Formula 1

Williams’ Pat Symonds criticizes ‘negligent’ radio rules

1 Mins read
Pat Symonds - Credit: Glenn Dunbar/Williams

Williams Martini Racing’s technical chief Pat Symonds has called the current Formula 1 radio regulations as potentially negligent, especially when teams are unable to inform their drivers if their brakes were failing.

On the back of the penalty handed to Nico Rosberg at the British Grand Prix for receiving information from the pit wall that was above and beyond what was allowed as he encountered a gearbox issue, and the fact that the Sahara Force India team were unable to inform Sergio Perez that their brakes were failing, Symonds has spoken out about how the radio regulations have gone beyond what’s really needed within Formula 1.

“On the pit wall, we know our rules pretty well – and normally when something happens, we know what to do,” said Symonds. “With this, every single race, there’s a debate goes on in the pit lane, ‘oh, we shouldn’t do this, what are we going to do?’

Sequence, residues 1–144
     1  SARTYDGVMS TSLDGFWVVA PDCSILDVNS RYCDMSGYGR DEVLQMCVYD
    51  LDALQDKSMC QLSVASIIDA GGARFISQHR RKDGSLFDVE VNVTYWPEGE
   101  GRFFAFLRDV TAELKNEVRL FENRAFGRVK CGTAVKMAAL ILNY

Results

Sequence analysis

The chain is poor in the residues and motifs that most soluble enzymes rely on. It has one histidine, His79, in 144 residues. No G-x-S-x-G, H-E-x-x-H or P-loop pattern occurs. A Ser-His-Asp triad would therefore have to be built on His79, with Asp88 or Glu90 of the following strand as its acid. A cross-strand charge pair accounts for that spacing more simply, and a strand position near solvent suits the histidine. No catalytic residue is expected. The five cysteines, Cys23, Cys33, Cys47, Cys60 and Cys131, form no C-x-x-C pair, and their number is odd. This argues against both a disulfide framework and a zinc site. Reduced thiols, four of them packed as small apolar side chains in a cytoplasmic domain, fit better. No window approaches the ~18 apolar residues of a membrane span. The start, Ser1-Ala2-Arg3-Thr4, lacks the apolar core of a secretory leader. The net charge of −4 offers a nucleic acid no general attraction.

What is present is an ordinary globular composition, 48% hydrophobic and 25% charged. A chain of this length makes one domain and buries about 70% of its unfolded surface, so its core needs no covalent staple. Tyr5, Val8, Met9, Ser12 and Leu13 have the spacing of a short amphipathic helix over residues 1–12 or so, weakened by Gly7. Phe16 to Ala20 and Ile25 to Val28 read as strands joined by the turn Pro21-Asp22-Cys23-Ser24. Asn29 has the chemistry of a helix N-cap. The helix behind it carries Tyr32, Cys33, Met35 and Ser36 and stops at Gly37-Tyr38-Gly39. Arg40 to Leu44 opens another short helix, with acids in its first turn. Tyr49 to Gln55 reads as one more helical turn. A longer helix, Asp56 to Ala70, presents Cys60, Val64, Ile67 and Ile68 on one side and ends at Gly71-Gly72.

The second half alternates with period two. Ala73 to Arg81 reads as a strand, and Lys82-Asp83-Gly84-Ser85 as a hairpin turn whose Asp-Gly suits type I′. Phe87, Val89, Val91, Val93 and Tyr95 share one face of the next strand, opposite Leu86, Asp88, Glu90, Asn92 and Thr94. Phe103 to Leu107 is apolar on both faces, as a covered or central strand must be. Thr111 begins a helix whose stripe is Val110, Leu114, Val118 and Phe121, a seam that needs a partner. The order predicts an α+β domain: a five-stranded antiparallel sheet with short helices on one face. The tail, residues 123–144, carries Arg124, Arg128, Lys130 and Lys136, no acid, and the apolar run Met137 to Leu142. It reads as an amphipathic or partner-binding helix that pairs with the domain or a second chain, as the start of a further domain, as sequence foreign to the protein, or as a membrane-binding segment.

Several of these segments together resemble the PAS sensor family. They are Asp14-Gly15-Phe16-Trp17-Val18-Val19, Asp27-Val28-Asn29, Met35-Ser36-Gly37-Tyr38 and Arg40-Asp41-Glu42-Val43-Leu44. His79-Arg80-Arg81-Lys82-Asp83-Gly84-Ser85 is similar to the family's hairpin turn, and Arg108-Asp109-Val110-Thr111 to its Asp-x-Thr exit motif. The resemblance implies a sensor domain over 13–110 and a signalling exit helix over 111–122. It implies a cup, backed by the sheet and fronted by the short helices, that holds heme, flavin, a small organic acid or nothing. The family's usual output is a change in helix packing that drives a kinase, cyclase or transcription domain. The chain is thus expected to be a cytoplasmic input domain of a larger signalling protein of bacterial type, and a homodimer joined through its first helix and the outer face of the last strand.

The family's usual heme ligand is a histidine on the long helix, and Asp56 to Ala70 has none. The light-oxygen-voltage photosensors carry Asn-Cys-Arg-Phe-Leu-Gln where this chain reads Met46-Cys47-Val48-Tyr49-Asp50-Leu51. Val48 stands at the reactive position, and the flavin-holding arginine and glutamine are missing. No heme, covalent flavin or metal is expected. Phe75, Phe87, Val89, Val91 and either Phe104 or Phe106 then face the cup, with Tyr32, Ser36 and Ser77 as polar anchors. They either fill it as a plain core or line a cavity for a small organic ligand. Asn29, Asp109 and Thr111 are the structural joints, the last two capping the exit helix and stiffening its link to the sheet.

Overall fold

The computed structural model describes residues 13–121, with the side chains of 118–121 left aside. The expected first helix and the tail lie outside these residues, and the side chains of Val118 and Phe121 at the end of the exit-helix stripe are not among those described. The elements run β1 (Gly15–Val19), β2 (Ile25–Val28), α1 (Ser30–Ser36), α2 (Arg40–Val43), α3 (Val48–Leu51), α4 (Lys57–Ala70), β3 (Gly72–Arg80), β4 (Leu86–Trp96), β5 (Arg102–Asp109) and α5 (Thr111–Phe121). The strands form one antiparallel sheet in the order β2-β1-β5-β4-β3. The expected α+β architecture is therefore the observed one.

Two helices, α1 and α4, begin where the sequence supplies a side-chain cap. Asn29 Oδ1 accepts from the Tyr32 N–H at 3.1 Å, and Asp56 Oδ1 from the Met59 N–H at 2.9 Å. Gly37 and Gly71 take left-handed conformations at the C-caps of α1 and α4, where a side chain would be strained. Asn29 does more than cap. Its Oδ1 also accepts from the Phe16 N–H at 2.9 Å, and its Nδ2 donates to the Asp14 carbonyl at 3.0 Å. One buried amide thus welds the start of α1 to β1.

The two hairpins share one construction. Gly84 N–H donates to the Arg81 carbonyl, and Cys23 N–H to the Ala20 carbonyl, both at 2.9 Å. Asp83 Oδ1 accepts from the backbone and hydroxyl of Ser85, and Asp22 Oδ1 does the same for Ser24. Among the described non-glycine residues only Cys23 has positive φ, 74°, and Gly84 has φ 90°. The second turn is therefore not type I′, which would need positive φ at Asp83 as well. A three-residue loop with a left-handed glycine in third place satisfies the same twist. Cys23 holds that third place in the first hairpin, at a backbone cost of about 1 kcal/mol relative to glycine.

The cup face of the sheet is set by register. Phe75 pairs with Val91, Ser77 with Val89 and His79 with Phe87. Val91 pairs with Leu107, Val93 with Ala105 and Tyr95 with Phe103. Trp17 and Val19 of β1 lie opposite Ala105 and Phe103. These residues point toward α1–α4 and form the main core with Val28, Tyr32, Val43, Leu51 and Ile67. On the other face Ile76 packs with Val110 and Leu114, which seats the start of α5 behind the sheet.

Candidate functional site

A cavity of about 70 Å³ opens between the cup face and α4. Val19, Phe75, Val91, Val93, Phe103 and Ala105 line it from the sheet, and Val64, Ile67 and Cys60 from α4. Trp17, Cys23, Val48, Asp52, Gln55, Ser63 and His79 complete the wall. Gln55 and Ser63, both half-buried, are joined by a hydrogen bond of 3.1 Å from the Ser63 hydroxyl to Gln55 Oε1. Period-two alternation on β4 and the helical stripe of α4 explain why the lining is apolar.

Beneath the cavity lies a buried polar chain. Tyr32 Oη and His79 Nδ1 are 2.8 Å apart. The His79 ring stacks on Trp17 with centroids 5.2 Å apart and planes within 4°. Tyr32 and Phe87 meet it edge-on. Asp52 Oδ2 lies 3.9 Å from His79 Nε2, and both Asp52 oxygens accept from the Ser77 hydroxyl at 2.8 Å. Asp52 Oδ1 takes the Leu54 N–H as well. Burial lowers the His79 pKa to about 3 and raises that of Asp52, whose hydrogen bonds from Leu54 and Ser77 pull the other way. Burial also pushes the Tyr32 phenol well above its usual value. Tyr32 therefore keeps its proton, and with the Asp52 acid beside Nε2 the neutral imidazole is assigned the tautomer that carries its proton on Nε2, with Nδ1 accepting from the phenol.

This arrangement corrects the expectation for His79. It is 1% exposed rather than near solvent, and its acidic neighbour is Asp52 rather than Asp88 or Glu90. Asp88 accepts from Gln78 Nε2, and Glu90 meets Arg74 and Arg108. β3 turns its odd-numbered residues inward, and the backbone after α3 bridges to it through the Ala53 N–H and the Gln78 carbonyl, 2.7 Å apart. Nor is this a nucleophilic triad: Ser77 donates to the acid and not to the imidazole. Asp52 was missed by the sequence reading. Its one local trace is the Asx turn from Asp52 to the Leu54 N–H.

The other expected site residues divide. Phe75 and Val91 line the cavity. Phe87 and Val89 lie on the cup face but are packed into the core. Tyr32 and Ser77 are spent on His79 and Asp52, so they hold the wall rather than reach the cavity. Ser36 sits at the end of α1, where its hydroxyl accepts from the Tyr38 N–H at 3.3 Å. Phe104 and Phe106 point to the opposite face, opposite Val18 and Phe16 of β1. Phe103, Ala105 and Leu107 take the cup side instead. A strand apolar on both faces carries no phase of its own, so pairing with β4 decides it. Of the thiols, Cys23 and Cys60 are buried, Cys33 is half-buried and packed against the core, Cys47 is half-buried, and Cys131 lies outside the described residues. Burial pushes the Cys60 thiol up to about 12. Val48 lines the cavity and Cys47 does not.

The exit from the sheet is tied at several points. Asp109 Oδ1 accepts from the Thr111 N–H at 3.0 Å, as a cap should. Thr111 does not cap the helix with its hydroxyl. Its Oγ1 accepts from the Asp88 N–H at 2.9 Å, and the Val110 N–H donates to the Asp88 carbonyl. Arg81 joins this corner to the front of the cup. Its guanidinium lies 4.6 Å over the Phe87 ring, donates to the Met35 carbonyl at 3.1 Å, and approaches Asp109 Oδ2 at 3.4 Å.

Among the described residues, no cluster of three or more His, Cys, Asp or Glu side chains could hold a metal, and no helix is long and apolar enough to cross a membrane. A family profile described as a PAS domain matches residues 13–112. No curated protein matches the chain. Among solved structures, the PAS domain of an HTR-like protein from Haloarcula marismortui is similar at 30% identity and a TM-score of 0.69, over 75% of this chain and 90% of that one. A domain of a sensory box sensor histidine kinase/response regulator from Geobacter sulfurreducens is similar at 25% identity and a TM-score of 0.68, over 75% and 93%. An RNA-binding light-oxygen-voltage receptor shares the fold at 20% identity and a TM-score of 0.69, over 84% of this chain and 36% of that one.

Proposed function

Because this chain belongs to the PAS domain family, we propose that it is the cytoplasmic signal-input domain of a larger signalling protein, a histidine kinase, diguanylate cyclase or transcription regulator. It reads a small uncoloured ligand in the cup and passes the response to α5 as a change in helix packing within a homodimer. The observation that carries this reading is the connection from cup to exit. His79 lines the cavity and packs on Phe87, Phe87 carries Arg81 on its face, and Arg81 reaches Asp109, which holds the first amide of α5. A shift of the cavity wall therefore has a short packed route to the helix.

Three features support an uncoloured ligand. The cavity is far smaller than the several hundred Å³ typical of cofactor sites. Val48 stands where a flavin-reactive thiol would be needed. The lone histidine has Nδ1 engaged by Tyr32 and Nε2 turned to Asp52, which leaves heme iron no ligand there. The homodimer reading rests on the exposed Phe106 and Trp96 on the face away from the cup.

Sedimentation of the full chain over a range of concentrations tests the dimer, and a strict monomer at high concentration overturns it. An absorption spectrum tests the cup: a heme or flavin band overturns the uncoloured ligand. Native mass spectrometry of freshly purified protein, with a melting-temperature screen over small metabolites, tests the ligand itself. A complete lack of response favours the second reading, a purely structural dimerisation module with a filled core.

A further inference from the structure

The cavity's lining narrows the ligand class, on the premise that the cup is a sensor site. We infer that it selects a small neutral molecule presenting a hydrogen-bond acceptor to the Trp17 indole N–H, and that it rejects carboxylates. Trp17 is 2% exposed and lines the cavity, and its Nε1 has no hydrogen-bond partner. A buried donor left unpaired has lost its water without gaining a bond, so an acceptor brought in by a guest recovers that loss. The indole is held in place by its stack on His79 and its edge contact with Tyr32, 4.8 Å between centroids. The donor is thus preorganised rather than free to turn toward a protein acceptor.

“Poor old Perez in Austria, how ridiculous. You’re going to do tens of thousands of pounds worth of damage to the car, because you can’t tell a guy his brakes are about to fail? It’s negligent. It’s not just wrong, it’s negligent.

“We debated the very situation Perez found himself in, we said ‘if that’s the case, we’ll tell the driver to stop, we don’t care about a penalty, we’re not going to risk injuring a driver’.”

Whereas Symonds believes that drivers should be coached around a circuit, he believes that the pit wall should be allowed to give guidance to drivers about the systems on board their machines, especially with the current complexity of modern day Formula 1 cars.

“To me, it’s a team sport – we should work together,” said Symonds. “If people really do object to us coaching the drivers, I can live with that. But helping them manage the systems? I really don’t think that’s a big problem. Where do we draw the line?

“It is a team sport, if a driver has to drive the car alone and unaided, should he change his own tyres? Imagine that – pit stop, climb out, change the tyres, back in. Where do you draw the line? And where they’ve drawn the line, in my opinion, is hardly a good place.”

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